Portal:Mombasa

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Mombasaedit
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Mombasa

Mombasa is said to be founded at around 900 A.D. as a trading centre between East Africa and the Middle East. It is the second-largest city in Kenya, with a population of about one million. A regional cultural and economic hub, Mombasa has a large port and an international airport, and is an important regional tourism centre. Administratively, Mombasa is the capital of, and is coincident with, Mombasa County.

Mombasa is a major trade centre and home to Kenya's only large seaport, the Kilindini Harbour. Kilindini is an old Swahili term meaning "deep". The port is so-called because the channel is naturally very deep. Kilindini Harbour is an example of a natural geographic phenomenon called a ria, formed millions of years ago when the sea level rose and engulfed a river that was flowing from the mainland.

Mombasa is a centre of coastal tourism in Kenya. Mombasa Island itself is not a main attraction, although many people visit the Old Town and Fort Jesus. The Nyali, Bamburi, and Shanzu beaches are located north of the city. The Shelly, Tiwi, and Diani beaches are located south of Mombasa. Several luxury hotels exist on these beaches, while the less expensive hotels are located further away.

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Mombasa Island
Credit: Rotsee
Mombasa Island seen from the mainland.
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Fort Jesus

Fort Jesus (Forte Jesus de Mombaça) is a Portuguese fort built in 1591 by order of King Philip I of Portugal (King Philip II of Spain), then ruler of the joint Portuguese and Spanish Kingdoms, located on Mombasa Island to guard the Old Port of Mombasa, Kenya. It was built in the shape of a man (viewed from the air), and was given the name of Jesus. In 2011, the fort was declared a World Heritage Site by UNESCO, highlighted as one of the most outstanding and well preserved examples of 16th-century Portuguese military fortifications. It is located in Mombasa County. (Read more...)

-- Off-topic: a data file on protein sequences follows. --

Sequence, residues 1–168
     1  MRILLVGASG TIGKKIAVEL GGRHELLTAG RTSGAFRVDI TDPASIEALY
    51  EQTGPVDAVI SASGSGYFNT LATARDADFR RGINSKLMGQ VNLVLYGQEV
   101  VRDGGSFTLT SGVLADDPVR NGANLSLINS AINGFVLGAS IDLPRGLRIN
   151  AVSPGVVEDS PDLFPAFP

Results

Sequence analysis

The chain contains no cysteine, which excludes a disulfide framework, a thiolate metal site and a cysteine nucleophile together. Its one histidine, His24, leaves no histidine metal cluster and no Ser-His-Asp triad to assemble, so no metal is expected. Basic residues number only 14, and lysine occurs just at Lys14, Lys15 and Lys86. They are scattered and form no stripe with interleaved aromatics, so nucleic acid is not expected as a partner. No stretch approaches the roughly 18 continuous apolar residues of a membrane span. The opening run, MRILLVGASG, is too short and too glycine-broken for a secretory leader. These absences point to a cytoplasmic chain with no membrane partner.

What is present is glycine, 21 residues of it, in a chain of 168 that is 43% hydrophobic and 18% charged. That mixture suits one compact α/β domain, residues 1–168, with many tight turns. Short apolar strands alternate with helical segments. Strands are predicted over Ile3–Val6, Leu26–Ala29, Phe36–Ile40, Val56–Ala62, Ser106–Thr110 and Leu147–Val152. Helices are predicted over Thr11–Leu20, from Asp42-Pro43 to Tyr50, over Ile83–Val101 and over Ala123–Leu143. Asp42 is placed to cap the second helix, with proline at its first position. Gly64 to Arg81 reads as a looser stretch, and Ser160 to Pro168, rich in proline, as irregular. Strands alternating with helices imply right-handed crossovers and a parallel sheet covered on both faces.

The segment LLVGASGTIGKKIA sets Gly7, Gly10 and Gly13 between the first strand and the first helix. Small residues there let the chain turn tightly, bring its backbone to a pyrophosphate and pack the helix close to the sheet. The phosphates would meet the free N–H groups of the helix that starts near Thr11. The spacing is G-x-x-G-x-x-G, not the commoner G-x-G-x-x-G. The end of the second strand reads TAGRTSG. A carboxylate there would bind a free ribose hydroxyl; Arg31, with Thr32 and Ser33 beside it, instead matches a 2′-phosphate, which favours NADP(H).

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Ali Al'amin Mazrui (24 February 1933 – 12 October 2014), was an academic professor, and political writer on African and Islamic studies and North-South relations. He was born in Mombasa, Kenya. He was an Albert Schweitzer Professor in the Humanities and the Director of the Institute of Global Cultural Studies at Binghamton University in Binghamton, New York.

Upon completing his education at Oxford University, Mazrui served at Makerere University until 1973, when he was forced into exile by Idi Amin. In 1974, he joined the faculty of the University of Michigan as professor and later was appointed the Director of the Center for Afroamerican and African Studies (1978–81). In 1989, he was appointed to the faculty of Binghamton University, State University of New York as the Albert Schweitzer Professor in the Humanities and the Director of the Institute of Global Cultural Studies (IGCS).

Mazrui's research interests included African politics, international political culture, political Islam and North-South relations. He is author or co-author of more than twenty books. Mazrui has also published hundreds of articles in major scholastic journals and for public media. He has also served on the editorial boards of more than twenty international scholarly journals. Mazrui was widely consulted by heads of states and governments, international media and research institutions for political strategies and alternative thoughts.

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Likoni Ferry
Ferry crossing the Likoni Channel, Mombasa.
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  • ... Mombasa, was founded at about 900 A.D.
  • ... Mombasa is approximately 500 Kilometres away from Nairobi.
  • ... Mombasa's Swahili dialect is different from the one in Nairobi.
  • ... Mombasa, is home to East and Central Africa's busiest port, the Mombasa Port with the main part of the port being Kilindini Harbour.
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